There’s something new on tap, though it’s been around for two thousand years. Kombucha, a fizzy, fermented tea drink purported to have healing properties, is steadily rising in mainstream popularity, finding success with commercial kombucha brewers, home brewers, and bartenders alike.
Made by fermenting tea and sugar with a culture of bacteria and yeast, kombucha is effervescent and potent, its deep, almost musty flavor lightened by a rush of friendly little bubbles. First-time drinkers soon become kombucha groupies.
Once associated with only the dippiest of hippies, kombucha and other fermented foods have earned the respect of the health-conscious community. Kombucha is thought to detoxify the body, improving digestive and immune systems, and Psychology Today reported that fermented foods may even be the next Prozac, easing stress and depression.
Although such positive claims lack solid scientific proof, kombucha devotees stand behind it as a miracle cure. Jeff Weaber, founder of Vermont kombucha brewery Aqua Vitea with his wife, Katina Martin (a naturopathic physician), shared this anecdote in an email: “During an in-store demo, a person returned after 15 minuets of trying our ginger kombucha for the first time to report that a stomachache she had been dealing with for three days was now gone.”
Aqua Vitea is spreading the kombucha love. The brewery bottles single-serving containers, “but more of it travels in the kegs to stores, where it’s sold fresh on tap—a niche Aqua Vitea pioneered,” writes Sylvia Fagin in Vermont’s Local Banquet. “Empty bottles and growlers are sold near the taps for customers to fill and refill, saving money and resources.”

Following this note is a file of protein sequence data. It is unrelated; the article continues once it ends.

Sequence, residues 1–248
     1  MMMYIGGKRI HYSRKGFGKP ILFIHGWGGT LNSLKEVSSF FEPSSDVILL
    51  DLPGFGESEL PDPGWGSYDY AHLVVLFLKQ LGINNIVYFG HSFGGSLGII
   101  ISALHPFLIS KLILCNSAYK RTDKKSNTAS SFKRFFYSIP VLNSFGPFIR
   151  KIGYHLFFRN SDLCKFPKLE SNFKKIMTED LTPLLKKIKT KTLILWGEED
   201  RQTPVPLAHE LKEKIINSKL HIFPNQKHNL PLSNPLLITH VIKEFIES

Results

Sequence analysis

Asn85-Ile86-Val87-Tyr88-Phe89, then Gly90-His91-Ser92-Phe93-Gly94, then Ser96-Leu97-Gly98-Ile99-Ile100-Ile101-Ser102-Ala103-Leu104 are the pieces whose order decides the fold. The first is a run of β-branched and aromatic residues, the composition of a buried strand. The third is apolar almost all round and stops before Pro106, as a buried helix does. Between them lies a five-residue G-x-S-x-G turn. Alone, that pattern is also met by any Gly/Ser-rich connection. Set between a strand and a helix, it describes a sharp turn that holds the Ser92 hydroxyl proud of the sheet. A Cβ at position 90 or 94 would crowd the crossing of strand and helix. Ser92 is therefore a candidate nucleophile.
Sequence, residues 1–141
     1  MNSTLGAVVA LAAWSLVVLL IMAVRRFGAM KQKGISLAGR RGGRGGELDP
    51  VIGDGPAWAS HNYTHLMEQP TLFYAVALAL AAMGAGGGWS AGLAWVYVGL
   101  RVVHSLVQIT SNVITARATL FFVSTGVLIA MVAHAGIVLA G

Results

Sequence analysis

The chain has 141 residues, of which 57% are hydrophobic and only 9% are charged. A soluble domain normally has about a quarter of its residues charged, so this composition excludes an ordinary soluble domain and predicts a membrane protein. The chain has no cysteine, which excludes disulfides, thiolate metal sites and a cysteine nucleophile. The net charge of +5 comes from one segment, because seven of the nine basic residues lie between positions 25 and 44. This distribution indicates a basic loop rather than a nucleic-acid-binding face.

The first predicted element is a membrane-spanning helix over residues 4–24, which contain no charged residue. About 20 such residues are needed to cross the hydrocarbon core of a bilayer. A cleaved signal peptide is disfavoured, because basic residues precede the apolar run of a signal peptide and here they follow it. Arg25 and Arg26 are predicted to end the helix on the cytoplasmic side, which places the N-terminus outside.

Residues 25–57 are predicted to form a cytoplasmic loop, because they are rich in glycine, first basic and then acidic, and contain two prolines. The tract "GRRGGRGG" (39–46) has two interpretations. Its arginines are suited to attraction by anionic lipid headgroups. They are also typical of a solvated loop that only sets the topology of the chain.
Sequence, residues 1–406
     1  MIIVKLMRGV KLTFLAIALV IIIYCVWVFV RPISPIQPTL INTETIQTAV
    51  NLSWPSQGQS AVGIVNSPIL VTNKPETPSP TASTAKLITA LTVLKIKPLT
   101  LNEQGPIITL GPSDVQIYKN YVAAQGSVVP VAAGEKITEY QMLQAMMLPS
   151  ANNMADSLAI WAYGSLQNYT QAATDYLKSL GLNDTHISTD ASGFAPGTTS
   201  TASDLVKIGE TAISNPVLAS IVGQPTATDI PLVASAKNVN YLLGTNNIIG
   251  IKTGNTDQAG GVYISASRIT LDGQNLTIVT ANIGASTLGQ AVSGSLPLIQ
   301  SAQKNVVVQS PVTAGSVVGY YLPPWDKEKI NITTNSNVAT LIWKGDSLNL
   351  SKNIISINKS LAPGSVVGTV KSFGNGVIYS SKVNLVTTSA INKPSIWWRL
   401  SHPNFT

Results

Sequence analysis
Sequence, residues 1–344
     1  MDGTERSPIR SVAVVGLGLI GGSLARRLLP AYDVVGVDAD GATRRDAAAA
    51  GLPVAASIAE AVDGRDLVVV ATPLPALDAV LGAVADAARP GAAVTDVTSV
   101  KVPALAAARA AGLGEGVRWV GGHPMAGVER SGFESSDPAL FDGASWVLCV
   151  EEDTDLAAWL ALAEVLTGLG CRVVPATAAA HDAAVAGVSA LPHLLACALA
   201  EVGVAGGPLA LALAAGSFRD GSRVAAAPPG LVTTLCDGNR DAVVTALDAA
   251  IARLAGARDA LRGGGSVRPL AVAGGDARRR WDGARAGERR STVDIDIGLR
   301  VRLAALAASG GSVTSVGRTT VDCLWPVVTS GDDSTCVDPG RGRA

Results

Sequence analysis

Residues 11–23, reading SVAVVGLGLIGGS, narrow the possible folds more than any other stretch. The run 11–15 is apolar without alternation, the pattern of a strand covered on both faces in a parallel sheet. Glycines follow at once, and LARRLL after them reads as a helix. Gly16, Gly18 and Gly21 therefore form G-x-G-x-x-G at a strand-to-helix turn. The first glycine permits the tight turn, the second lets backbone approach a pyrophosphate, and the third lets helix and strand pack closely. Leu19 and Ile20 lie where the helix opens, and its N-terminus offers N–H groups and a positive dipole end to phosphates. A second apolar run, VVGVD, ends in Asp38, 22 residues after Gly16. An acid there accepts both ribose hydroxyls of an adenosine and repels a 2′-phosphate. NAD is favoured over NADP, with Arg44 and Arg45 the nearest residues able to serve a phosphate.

Other kombucha microbreweries around the country are thriving, as well. In addition to its tasty finished product, craft brewer Kombucha Brooklyn sells 100-200 kombucha homebrew kits a month and curates an online Brewers Forum where devotees can swap stories and recipes. “One of our main goals for having the forum was to connect ’buch brewers and to have them share their successes and failures,” says founder Eric Childs.
Now kombucha is hitting the bar scene. Sumathi Reddy, reporting for the Wall Street Journal, sees alcoholic kombucha drinks gaining trend status in the New York metro area. Get a jasmine margarita made with kombucha at Taproom No. 307 in Manhattan, a “beer bucha” (50 percent kombucha, 50 percent light beer) at Urban Rustic in Brooklyn, or try a new high-alcohol version of kombucha called “Mava Roka” at Queens Kickshaw in Astoria.
Beware of too much of a good thing, though (even if it’s nonalcoholic), or you'll risk stomach pain, headaches, or other symptoms as your body adjusts to the detoxification process. Weaber warns, “After making kombucha for eight years, I started getting the sense that it’s powerful stuff, and you should probably be drinking only about four ounces of kombucha a day. But, being gluttonous Americans, everybody’s drinking 16–32 ounces of kombucha a day.” In other words, get out the shot glass, not the pint.
Margret Aldrich is an associate editor at Utne Reader. Follow her on Twitter at @mmaldrich.